Sayano-Shushenskaya accident possibly caused by broken turbine
ABAKAN. Aug 18 (Interfax) - The main theory behind yesterday's Sayano-Shushenskaya Hydroelectric Power Plant accident in Khakasia has not been confirmed, said Alexander Toloshinov, former general director of the plant and a board member of the RusHydro generating company.
"A turbine was broken in the machine hall. Instruments indicated that it was not a hydraulic impact, but a broken turbine cover in the machine hall," Toloshinov told Interfax on Tuesday.
Asked whether any of those inside the flooded turbine house could have survived, Toloshinov said: "If they managed to keep out of the water then yes. But if they were trapped in the water, then hardly any chance as the water temperature was only 4 degrees."
Toloshinov said the water inside the damaged turbine house was up to 20 meters deep.
He said the accident could have been the result of a hidden turbine manufacturer's defect that only surfaced after 30 years of use.
Sensors indicated that the turbine was functional and did not detect any gradual wear. But it will only be possible to establish whether this really was a factory defect once the debris has been cleared, he said.
Also, this is only one version of events that is being considered together with the hydraulic impact theory, Toloshinov said.
The Leningrad Metals Plant, currently part of OJSC Power Machines , made the turbine. The Sayano-Shushenskaya HPP's own specialists last performed maintenance on the turbine a year ago, and outside contractors were not brought in, Toloshinov said.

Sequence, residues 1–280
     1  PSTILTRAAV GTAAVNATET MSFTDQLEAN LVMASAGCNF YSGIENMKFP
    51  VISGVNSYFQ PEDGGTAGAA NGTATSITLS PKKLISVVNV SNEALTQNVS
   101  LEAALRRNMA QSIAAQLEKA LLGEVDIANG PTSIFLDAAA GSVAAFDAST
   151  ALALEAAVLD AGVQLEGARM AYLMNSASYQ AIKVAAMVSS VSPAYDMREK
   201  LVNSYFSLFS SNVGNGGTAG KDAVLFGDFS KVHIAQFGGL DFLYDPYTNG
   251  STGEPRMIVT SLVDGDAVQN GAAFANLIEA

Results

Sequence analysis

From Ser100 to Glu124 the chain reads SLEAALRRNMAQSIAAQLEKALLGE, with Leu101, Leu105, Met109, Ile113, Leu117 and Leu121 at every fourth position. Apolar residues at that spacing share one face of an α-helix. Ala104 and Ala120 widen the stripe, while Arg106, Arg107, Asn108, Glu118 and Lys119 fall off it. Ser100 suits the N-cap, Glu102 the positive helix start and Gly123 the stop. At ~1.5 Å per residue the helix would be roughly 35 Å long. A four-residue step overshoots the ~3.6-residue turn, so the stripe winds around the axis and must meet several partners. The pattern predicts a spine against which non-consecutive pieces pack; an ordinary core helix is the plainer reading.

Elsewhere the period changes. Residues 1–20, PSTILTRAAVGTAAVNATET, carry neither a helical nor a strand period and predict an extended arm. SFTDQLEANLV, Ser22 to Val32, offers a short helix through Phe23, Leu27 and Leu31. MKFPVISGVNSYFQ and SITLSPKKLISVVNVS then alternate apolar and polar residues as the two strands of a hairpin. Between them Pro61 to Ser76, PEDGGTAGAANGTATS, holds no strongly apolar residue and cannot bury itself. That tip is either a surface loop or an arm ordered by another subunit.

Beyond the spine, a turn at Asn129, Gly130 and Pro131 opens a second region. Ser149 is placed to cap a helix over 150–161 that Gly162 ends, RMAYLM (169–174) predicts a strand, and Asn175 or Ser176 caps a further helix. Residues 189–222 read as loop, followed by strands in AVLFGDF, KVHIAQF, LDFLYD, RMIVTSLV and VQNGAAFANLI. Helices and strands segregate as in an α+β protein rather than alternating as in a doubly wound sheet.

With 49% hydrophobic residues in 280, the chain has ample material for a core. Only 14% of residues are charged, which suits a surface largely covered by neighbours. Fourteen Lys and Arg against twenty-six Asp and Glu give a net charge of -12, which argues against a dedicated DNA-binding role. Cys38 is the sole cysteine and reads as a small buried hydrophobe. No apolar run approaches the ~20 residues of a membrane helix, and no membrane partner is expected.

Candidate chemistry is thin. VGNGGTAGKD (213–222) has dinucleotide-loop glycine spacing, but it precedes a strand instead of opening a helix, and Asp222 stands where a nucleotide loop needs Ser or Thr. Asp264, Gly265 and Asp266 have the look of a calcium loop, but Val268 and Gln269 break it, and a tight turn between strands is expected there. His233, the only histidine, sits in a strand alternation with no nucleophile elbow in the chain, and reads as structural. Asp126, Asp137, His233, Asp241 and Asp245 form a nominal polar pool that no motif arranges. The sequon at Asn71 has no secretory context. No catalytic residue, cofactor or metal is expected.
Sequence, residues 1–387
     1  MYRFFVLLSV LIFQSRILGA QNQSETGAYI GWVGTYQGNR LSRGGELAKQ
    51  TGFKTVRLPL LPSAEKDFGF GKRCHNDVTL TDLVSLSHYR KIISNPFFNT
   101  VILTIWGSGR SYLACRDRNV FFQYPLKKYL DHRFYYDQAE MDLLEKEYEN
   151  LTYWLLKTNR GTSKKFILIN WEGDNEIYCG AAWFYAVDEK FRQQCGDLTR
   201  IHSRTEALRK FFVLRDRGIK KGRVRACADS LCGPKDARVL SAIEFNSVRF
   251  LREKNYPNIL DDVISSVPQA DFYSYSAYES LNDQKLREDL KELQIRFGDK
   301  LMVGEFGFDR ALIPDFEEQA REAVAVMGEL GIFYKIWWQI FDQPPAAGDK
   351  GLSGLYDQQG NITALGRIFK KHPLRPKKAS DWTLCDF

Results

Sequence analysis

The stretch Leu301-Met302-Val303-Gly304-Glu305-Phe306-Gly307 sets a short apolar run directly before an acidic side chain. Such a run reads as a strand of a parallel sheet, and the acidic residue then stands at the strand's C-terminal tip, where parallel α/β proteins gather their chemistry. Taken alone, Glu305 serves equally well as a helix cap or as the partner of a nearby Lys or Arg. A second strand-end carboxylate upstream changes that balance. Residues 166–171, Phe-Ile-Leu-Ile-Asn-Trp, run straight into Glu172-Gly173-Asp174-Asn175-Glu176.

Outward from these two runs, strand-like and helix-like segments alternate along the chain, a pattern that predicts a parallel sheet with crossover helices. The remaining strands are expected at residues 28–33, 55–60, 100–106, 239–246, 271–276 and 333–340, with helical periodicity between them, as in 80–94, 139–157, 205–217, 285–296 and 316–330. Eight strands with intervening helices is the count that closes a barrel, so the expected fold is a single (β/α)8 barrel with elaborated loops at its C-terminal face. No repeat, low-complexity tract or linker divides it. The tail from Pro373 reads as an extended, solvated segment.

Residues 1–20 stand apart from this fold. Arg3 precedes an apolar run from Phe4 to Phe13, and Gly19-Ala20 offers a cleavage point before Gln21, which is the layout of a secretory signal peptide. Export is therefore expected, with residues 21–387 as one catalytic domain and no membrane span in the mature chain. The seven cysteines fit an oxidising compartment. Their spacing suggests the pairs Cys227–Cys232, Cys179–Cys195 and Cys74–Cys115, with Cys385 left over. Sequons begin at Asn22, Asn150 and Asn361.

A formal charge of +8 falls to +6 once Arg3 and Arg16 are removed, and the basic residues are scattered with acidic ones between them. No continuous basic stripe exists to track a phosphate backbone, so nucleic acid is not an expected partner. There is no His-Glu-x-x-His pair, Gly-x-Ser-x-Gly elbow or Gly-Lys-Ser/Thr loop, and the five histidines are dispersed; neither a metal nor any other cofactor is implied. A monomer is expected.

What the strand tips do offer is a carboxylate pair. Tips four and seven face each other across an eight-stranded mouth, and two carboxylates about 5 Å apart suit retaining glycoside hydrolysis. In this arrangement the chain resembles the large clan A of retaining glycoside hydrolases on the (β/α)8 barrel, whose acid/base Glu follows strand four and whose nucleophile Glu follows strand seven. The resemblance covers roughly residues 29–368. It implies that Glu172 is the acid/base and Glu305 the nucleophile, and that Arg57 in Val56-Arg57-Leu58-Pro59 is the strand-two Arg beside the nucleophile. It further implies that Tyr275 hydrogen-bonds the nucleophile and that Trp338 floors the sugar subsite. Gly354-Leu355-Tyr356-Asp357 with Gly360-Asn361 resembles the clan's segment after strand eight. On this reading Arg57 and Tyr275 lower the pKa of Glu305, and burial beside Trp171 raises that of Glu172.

A spokesman for Power Machines told Interfax that "it is premature to draw conclusions about the causes of the accident until the investigation had been completed." Power Machines will be sending specialists out to Khakasia to join the investigative commission.
Power Machines issued a statement later on Tuesday saying that supplies to the plant began more than 30 years ago. The first two power units were brought on stream in 1978 and 1979. "According to Power Machines technical specialists, the first hydroelectric unit had already used its resources and needs to be replaced," the statement says.
The company also said that the service life of such hydroelectric equipment highly depends on the conditions in which it is used as well as constant control of its technical condition and the carrying out of timely planned and preventive repairs. Power Machines specialists had not been called to the plant for repairs since 1993, the company said.
In addition, Emergency Situations Minister Sergei Shoigu cautioned against government officials giving or thinking up reasons for the accident.
"We'll find out what happened and then report on this," Shoigu told reporters, when asked what caused the accident.
Energy Minister Sergei Shmatko said a commission consisting of the best specialists and professionals had been set up. "They will determine the causes of the accident. Right now it would be irresponsible to talk about any main version," he said.
Power Machines produces and supplies equipment for thermal, nuclear, hydro and gas-turbine power plants.